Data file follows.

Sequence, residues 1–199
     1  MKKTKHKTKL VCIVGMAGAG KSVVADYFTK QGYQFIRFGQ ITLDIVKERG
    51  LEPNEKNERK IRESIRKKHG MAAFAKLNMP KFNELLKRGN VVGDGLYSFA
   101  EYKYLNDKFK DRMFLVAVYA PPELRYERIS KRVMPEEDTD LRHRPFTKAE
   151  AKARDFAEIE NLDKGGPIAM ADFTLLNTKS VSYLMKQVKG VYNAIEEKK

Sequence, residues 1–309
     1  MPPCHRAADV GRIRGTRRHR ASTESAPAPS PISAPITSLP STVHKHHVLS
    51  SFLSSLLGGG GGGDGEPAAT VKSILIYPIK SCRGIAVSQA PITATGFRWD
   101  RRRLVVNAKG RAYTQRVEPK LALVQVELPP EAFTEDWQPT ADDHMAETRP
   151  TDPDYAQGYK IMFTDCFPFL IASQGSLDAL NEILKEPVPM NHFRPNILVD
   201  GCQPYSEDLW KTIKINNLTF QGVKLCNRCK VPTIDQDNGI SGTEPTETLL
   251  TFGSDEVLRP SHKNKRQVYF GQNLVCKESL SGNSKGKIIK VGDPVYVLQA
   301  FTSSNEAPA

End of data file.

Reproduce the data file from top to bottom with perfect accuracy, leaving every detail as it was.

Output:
Sequence, residues 1–199
     1  MKKTKHKTKL VCIVGMAGAG KSVVADYFTK QGYQFIRFGQ ITLDIVKERG
    51  LEPNEKNERK IRESIRKKHG MAAFAKLNMP KFNELLKRGN VVGDGLYSFA
   101  EYKYLNDKFK DRMFLVAVYA PPELRYERIS KRVMPEEDTD LRHRPFTKAE
   151  AKARDFAEIE NLDKGGPIAM ADFTLLNTKS VSYLMKQVKG VYNAIEEKK

Sequence, residues 1–309
     1  MPPCHRAADV GRIRGTRRHR ASTESAPAPS PISAPITSLP STVHKHHVLS
    51  SFLSSLLGGG GGGDGEPAAT VKSILIYPIK SCRGIAVSQA PITATGFRWD
   101  RRRLVVNAKG RAYTQRVEPK LALVQVELPP EAFTEDWQPT ADDHMAETRP
   151  TDPDYAQGYK IMFTDCFPFL IASQGSLDAL NEILKEPVPM NHFRPNILVD
   201  GCQPYSEDLW KTIKINNLTF QGVKLCNRCK VPTIDQDNGI SGTEPTETLL
   251  TFGSDEVLRP SHKNKRQVYF GQNLVCKESL SGNSKGKIIK VGDPVYVLQA
   301  FTSSNEAPA